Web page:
March 17, 2015 | Written by: Kevin Allen
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Twitter data isn’t just for marketers anymore.
This week, IBM and Twitter announced their latest round of cloud data services that will allow business pros and developers to gain valuable business insights from Twitter data.
Will Reilly, director of IBM’s business and Industry Solutions Marketing for Big Data & Analytics, joined us to talk about the new features, which will be available on Bluemix and Watson Analytics:
What should people know about the Twitter and IBM partnership?
That we’re making tremendous progress. We announced the partnership with Twitter in October of last year. This week, we’re announcing the availability of software services for developers and business professionals to help them gain insights from Twitter data. We also have over 100 client engagements in progress and we’ve trained over 4,000 IBMers to help those clients get value from Twitter data.
How are you seeing clients use Twitter data?
It’s interesting—one of the things we’ve found is that clients are moving from just using Twitter as a data source in customer service and marketing to broaden and deepen it—to start using Twitter data in other parts of the business. That’s something that IBM is uniquely positioned to help with, because to do that you need to understand how to manage the data, apply advanced analytics to it, and you need to understand business and industry processes to be able to apply the data back into other parts of the organization.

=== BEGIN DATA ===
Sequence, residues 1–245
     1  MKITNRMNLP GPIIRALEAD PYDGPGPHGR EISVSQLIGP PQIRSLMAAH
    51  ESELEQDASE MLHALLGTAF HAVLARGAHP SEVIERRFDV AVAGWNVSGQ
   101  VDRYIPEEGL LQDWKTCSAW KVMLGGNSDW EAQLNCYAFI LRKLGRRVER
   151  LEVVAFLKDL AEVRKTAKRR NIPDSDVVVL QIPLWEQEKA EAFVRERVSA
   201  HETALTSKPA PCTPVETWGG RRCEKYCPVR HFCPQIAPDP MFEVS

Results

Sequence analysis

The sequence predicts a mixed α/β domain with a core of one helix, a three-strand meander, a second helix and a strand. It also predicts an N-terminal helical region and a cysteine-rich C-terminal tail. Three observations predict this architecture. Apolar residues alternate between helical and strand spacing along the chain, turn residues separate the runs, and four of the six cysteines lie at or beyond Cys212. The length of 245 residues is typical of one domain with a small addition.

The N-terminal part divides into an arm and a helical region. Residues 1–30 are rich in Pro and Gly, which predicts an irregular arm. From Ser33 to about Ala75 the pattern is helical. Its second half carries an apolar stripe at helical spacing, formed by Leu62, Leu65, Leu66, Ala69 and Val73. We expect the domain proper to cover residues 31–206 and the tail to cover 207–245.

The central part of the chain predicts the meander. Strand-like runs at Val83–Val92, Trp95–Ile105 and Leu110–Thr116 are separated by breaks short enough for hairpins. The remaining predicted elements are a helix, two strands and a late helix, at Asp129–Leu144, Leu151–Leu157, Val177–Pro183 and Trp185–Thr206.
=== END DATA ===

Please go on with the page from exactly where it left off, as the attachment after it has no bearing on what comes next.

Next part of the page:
What are some examples of insights you’ve gleaned from this work so far?
The first one is about churn. This is something that can be applied in telecommunications companies and cable TV or satellite TV services—anything like that where you’re paying on a monthly subscription basis. All of those companies have churn models that predict, on an individual subscriber basis, your likelihood to move and to switch providers. What we found working with one provider was that we were seeing churn that we couldn’t explain. Two consumers with exactly the same data history and purchase history in the same marketing segment and the same propensity to churn, were churning differently. We were trying to figure out what was going on, so we started looking at external data—weather data, real estate data, Tweets—to see if we could understand what was happening. What we found was that there was a certain set of subscribers who were very sensitive to changes in weather and how weather was changing the service that they were getting from this company. And they were tweeting about it. We could then make a correlation between tweets and weather events and realized that that was a mark of churn that this company hadn’t identified before. Through that, we were able to help them improve their churn model, by around 5%
Any more examples you can share?